"At Sept. 30, MBIA said it had a $37.7 billion investment portfolio, including $24.5 billion of holdings rated AAA. Yet $5.1 billion of those investments were rated AAA only because they were insured by MBIA."

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Old 01-23-2008, 10:43 PM   #5
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Quote:
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"At Sept. 30, MBIA said it had a $37.7 billion investment portfolio, including $24.5 billion of holdings rated AAA. Yet $5.1 billion of those investments were rated AAA only because they were insured by MBIA."ExHermit
I love it! You couldn't make this stuff up.

Ha
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Old 01-24-2008, 01:39 AM   #6
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I love it! You couldn't make this stuff up.

Ha

Actually it is even worse than this. Bill Ackman is a long time bear on MBIA and AMBAC and has been screaming about there abuses for a while. He has a long held short position on both companies and evidently will make $500 if the go belly up (he said he will donate the profits to charity!!)

This an excerpt from a recent open letter he wrote to credit rating liars agencies. The whole letter is long but interesting.

Quote:
Your ratings of the bond insurers are based on the bond insurers’ net credit exposures. That is, you reduce their credit exposure by those exposures that have been reinsured. This is best understood by example.

As of September 30, 2007, MBIA has re-insured approximately $80 billion of par value
of its exposures. More than $42 billion of this reinsurance was purchased from Channel Re, a Bermuda- based reinsurer whose only customer is MBIA. The two most senior officers of Channel Re are former executives of MBIA. MBIA owns 17% of the company and has two representatives on Channel Re’s board of directors.

On recent conference calls, Moody’s and S&P have stated that they have not yet updated their ratings of the monoline reinsurers including Channel Re. Earlier this week, on January 16th, Partner Re and Renaissance Re, the majority equity owners of Channel Re, wrote off the entire value of their investments in Channel Re due to losses it has recently incurred that substantially exceed Channel Re’s capital, an impairment that Channel Re’s two majority owners have concluded is “other than temporary.”

Despite the fact that Channel Re has negative book equity and $42 billion of MBIA’s credit exposure – $21.5 billion of which is CDOs of ABS or CLO/CBOs – Moody’s and S&P continue to rate the company Triple A with a stable outlook. Fitch does not rate Channel Re and apparently relies on S&P’s and Moody’s stale Triple A ratings in its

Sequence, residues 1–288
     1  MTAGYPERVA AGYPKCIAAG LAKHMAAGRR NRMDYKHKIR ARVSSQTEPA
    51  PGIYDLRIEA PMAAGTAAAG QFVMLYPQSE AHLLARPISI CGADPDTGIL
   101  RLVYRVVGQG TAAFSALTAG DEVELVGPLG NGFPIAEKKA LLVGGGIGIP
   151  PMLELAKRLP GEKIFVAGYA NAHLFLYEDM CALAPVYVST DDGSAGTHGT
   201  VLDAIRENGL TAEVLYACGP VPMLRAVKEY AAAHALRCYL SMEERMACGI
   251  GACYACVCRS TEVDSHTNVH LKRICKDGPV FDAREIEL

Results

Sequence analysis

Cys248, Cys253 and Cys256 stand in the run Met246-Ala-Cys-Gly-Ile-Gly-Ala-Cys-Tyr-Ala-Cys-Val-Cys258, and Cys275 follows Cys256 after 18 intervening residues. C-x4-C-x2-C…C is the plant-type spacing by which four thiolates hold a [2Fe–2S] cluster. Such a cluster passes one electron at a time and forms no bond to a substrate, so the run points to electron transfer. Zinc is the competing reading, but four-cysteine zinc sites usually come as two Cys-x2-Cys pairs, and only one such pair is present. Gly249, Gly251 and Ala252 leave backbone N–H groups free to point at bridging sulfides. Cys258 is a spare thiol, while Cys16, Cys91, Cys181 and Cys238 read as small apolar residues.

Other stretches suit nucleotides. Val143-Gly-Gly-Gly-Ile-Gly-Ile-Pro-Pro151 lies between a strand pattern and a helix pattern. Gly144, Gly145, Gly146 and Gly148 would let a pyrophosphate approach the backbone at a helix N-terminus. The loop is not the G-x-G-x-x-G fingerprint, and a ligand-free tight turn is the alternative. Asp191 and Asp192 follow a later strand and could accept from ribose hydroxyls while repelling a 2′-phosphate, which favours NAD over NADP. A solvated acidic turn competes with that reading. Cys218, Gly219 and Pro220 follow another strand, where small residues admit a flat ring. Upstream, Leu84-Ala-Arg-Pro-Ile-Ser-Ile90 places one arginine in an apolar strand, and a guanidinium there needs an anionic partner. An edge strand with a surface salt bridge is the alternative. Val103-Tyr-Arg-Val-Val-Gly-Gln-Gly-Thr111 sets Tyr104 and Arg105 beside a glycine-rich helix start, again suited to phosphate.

analysis of MBIA’s capital adequacy.
Shades of Enron.
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Old 01-24-2008, 05:29 PM   #7
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Jon Markman's take on the CDS mess.

ACA guaranteed $60 billion on a capital base of $500 million?!?!

I said sometime ago that my worst fear is that, when the whole mess is unravelled, each $1 of real house worth is collateral for $12 of loans. Maybe I was wrong; maybe it's $120 of loans per 'real' dollar!
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Old 01-26-2008, 07:30 AM   #8
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Outstanding notional of CDS is nowhere near 500T, the previous poster's sources were probably confusing CDS with interest rate swaps (which form the lion's share of derivatives contracts by notional value). I'd put total CDS notional at more like 50T.

These are mostly sold by top-tier investment banks. JPMorgan is the leader in the market. The big banks have lots of positions in these, but tend to manage the risk pretty flat - i.e. they'll be long default risk with one counterparty and short default risk with another, more or less netting out.

That's not to say there isn't any systemic risk in this market, I think there could be.

Another interesting issue arises from the fact that these contracts are usually physically settled - meaning if I sell you a CDS on reference entity X and X goes under, I owe you the notional value of the contract and you owe me that same (face) value of bonds. (since the bonds almost always have some value even in bankruptcy).

What happens if there are more CDS outstanding on a given name than bonds? It could be physically impossible for all the CDS buyers to obtain bonds in the market, thus many will be unable to meet their obligations under their existing contracts.